National Category
Natural Sciences Chemical Sciences
Identifiers
urn:nbn:se:miun:diva-26306 (URN)10.5560/ZNC.2014-0072 (DOI)000348967800009 ()2-s2.0-84925348944 (Scopus ID)
Available from: 2015-11-25 Created: 2015-11-25 Last updated: 2017-12-01Bibliographically approved
Fagerlund-Edfeldt, A. (2014). Naturally occurring phenols with antioxidant, antifungal and anti-browsing activity. (Doctoral dissertation). Sundsvall: Mid Sweden University
Open this publication in new window or tab >>Naturally occurring phenols with antioxidant, antifungal and anti-browsing activity
2014 (English)Doctoral thesis, comprehensive summary (Other academic)
Place, publisher, year, edition, pages
Sundsvall: Mid Sweden University, 2014. p. 68
Series
Mid Sweden University doctoral thesis, ISSN 1652-893X ; 198
National Category
Chemical Sciences
Identifiers
urn:nbn:se:miun:diva-24028 (URN)978-91-87557-77-4 (ISBN)
Public defence
2014-09-26, 11:00
Supervisors
Available from: 2015-01-02 Created: 2015-01-02 Last updated: 2015-03-13Bibliographically approved
Co, M., Fagerlund, A., Engman, L., Sunnerheim, K., Sjöberg, P. J. & Turner, C. (2012). Extraction of Antioxidants from Spruce (Picea abies) Bark using Eco-friendly Solvents. Phytochemical Analysis, 23(1), 1-11
Open this publication in new window or tab >>Extraction of Antioxidants from Spruce (Picea abies) Bark using Eco-friendly Solvents
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2012 (English)In: Phytochemical Analysis, ISSN 0958-0344, E-ISSN 1099-1565, Vol. 23, no 1, p. 1-11Article in journal (Refereed) Published
Abstract [en]

Introduction - Antioxidants are known to avert oxidation processes and they are found in trees and other plant materials. Tree bark is a major waste product from paper pulp industries; hence it is worthwhile to develop an extraction technique to extract the antioxidants. Objective - To develop a fast and environmentally sustainable extraction technique for the extraction of antioxidants from bark of spruce (Picea abies) and also to identify the extracted antioxidants that are abundant in spruce bark. Methodology - A screening experiment that involved three different techniques was conducted to determine the best technique to extract antioxidants. The antioxidant capacity of the extracts was determined with DPPH (2,2-diphenyl-1-picrylhydrazyl) assay. Pressurised fluid extraction (PFE) turned out to be the best technique and a response surface design was therefore utilised to optimise PFE. Furthermore, NMR and HPLC-DAD-MS/MS were applied to identify the extracted antioxidants. Results - PFE using water and ethanol as solvent at 160 and 180°C, respectively, gave extracts of the highest antioxidant capacity. Stilbene glucosides such as isorhapontin, piceid and astringin were identified in the extracts. Conclusion - The study has shown that PFE is a fast and environmentally sustainable technique, using water and ethanol as solvent for the extraction of antioxidants from spruce bark. Copyright © 2011 John Wiley and Sons, Ltd. This paper includes four tables in which the extracted solid yield and the antioxidant capacity of spruce bark extracts were presented for the different extraction techniques, as well as the response surface coefficients for the optimised PFE were presented. © 2011 John Wiley and Sons, Ltd..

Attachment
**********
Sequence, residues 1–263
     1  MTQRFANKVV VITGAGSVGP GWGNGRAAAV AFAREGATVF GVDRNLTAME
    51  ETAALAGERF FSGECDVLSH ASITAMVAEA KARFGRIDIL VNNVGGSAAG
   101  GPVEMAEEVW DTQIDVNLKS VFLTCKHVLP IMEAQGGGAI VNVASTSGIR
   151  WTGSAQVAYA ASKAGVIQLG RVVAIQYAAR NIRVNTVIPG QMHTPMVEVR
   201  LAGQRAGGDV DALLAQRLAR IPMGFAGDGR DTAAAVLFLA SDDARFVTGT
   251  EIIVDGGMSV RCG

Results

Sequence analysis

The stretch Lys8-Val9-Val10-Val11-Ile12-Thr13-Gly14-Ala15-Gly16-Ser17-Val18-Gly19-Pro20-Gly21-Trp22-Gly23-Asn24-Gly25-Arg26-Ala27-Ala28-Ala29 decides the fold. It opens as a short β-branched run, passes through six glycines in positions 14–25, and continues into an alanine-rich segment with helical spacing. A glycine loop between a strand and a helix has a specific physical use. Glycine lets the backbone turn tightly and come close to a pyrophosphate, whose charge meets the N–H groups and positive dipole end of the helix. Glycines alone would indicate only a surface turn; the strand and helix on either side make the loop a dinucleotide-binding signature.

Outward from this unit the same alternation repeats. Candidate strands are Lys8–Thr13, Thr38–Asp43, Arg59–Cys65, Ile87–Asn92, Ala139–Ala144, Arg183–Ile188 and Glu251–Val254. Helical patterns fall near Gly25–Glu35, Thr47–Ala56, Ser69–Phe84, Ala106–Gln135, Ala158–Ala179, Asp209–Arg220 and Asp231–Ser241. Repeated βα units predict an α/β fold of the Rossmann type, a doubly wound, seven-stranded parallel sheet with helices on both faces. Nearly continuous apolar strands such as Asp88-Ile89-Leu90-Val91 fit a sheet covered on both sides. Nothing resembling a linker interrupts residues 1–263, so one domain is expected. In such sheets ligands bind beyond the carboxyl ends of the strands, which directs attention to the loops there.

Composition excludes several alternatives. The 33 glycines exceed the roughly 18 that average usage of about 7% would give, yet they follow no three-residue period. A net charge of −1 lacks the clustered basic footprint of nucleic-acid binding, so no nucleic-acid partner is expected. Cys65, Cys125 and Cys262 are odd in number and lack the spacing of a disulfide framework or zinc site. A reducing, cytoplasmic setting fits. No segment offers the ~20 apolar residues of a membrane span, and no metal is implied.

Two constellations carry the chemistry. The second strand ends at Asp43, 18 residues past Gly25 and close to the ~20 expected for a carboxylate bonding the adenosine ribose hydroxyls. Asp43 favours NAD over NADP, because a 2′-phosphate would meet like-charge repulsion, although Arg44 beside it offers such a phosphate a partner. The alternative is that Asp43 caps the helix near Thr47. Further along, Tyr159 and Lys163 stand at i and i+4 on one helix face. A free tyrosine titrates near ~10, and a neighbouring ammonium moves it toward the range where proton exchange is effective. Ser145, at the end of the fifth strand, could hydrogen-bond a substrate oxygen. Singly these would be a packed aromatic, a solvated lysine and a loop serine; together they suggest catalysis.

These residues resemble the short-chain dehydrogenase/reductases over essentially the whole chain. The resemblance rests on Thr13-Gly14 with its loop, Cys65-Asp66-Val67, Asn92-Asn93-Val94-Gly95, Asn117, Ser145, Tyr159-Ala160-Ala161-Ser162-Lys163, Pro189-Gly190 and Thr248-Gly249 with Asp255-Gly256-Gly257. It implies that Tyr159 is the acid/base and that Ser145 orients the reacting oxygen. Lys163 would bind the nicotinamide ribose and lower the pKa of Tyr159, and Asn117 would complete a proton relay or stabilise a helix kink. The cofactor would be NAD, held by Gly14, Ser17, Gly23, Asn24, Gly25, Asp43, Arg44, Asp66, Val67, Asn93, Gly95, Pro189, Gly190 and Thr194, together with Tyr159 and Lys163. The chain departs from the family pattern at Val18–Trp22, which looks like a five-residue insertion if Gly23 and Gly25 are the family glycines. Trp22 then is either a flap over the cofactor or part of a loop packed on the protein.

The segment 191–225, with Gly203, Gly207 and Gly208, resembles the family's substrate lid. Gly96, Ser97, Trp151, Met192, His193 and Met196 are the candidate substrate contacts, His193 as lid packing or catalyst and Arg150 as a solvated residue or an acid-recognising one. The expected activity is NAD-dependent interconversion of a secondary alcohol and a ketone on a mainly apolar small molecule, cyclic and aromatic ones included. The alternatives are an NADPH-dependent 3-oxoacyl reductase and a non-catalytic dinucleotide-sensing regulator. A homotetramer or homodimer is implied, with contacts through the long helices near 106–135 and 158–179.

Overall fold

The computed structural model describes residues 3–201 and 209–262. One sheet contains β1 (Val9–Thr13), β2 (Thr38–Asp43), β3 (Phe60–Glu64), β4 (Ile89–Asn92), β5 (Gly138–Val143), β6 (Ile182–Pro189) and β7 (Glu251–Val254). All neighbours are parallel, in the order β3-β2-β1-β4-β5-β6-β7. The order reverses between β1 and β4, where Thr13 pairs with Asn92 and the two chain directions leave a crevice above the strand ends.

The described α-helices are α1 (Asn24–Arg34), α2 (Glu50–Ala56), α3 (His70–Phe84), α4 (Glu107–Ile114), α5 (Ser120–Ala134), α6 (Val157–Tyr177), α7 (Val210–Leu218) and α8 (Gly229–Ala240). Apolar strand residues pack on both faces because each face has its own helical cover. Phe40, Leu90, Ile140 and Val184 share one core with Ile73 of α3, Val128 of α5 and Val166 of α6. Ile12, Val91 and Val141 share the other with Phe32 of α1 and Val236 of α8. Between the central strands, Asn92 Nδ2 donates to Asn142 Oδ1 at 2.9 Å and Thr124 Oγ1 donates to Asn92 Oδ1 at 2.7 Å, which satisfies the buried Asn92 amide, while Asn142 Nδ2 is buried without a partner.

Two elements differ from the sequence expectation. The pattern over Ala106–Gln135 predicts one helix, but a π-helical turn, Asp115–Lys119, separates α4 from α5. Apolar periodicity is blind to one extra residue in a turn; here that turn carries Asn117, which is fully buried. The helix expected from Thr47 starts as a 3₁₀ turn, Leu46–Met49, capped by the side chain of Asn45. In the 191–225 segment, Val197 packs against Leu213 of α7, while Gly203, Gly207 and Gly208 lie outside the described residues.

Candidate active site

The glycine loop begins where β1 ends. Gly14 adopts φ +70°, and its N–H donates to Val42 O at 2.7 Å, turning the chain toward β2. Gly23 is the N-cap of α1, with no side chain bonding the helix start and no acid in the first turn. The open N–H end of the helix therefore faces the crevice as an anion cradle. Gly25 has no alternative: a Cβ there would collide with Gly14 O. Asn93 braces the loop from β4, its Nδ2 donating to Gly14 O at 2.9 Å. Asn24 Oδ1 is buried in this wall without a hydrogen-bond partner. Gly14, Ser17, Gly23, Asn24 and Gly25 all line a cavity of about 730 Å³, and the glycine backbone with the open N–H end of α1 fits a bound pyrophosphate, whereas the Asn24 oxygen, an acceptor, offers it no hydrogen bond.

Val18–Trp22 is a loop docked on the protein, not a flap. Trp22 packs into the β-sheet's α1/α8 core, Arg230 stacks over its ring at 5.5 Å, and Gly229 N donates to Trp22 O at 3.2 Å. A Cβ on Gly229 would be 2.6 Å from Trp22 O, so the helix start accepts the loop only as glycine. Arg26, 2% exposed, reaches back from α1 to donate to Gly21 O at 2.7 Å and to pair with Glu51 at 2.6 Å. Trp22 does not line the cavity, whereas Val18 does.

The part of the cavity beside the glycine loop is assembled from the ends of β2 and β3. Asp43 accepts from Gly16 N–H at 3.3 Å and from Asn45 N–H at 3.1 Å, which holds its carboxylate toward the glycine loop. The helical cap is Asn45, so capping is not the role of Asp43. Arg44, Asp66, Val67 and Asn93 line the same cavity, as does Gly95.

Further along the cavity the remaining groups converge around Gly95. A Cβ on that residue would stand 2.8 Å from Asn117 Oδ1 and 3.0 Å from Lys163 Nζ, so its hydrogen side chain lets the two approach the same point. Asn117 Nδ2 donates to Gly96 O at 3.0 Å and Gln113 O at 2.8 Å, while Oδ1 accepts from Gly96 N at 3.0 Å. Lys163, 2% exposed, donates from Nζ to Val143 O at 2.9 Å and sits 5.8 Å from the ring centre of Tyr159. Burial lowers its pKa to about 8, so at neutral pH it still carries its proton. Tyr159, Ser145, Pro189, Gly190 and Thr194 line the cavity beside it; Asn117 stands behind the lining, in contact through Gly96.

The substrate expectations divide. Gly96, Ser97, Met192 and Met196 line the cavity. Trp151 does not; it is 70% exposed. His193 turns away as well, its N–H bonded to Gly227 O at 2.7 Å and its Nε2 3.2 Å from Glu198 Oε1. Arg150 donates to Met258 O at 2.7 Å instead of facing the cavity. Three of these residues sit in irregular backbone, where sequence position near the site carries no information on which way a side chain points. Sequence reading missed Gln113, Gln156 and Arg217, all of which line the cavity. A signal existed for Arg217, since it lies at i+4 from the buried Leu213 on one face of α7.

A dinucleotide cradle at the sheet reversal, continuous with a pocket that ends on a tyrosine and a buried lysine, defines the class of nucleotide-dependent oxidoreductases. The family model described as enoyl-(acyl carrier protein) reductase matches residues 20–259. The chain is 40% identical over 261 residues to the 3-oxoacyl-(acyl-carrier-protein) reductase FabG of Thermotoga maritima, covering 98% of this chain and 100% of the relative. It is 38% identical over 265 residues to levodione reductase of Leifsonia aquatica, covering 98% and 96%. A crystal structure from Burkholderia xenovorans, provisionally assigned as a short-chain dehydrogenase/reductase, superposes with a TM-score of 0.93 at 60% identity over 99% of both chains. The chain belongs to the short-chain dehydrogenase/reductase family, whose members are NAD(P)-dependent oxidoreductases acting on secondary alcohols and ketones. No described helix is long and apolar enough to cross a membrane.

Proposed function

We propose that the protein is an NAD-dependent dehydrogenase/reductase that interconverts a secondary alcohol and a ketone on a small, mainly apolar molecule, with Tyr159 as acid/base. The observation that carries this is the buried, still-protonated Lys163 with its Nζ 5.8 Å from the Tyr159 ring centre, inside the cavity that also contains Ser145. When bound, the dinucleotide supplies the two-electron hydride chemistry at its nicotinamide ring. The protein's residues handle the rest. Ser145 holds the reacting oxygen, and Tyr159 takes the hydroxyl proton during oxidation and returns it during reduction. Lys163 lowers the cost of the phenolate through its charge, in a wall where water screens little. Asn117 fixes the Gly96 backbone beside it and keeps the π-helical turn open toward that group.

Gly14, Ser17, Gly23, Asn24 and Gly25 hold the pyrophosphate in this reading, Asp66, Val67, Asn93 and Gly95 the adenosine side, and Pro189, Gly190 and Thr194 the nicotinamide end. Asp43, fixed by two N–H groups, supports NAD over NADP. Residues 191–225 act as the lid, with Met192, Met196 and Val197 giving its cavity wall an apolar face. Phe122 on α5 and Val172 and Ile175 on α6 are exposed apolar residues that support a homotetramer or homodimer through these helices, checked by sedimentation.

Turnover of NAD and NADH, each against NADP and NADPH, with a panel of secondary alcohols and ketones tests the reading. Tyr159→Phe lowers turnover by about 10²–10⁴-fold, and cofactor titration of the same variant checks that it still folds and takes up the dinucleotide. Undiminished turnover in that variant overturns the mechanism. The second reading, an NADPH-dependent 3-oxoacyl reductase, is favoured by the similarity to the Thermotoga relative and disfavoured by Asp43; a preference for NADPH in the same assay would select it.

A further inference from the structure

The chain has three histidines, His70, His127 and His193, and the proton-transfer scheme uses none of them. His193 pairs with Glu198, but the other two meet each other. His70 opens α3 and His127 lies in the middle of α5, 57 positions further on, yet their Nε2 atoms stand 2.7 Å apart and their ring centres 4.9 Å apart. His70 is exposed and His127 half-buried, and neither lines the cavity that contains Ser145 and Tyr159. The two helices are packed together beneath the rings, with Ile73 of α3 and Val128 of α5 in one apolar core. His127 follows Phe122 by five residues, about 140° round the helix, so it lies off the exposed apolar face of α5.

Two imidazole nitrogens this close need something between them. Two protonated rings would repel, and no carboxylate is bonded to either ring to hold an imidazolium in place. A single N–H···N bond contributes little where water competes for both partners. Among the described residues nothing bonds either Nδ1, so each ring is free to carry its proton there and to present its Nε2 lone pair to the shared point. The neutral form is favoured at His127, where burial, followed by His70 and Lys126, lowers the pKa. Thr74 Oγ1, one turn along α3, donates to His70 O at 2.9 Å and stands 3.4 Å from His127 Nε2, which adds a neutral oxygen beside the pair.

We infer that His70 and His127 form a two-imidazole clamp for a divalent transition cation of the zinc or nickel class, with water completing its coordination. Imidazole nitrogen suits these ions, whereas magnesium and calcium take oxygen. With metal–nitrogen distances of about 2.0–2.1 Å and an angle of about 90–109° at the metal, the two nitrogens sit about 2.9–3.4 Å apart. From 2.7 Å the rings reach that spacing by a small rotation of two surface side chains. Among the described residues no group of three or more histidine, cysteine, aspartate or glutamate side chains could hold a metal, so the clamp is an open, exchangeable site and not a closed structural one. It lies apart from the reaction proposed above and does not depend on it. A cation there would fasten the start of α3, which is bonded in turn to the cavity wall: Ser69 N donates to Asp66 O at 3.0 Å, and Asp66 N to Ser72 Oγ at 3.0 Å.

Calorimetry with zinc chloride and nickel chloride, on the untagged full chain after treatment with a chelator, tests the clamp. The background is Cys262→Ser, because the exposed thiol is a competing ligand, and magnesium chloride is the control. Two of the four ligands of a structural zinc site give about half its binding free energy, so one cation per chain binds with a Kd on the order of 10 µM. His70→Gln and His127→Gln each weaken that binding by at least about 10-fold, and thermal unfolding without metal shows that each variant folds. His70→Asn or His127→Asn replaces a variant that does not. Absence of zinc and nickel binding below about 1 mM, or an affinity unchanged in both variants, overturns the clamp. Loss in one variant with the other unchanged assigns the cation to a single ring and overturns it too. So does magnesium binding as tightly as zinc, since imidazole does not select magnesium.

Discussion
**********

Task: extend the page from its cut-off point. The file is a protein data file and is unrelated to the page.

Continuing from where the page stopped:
Keywords
Accelerated solvent extraction, Antioxidant, DPPH, Ethanol, Picea abies, Pressurised fluid extraction, Stilbene glucosides, Supercritical fluid extraction, Water
National Category
Natural Sciences
Identifiers
urn:nbn:se:miun:diva-14214 (URN)10.1002/pca.1316 (DOI)000298260100001 ()2-s2.0-82955198459 (Scopus ID)
Available from: 2011-07-19 Created: 2011-07-19 Last updated: 2017-12-08Bibliographically approved
Fagerlund, A., Sunnerheim, K. & Dimberg, L. H. (2009). Radical-scavenging and antioxidant activity of avenanthramides. Food Chemistry, 113(2), 550-556
Open this publication in new window or tab >>Radical-scavenging and antioxidant activity of avenanthramides
2009 (English)In: Food Chemistry, ISSN 0308-8146, E-ISSN 1873-7072, Vol. 113, no 2, p. 550-556Article in journal (Refereed) Published
Abstract [en]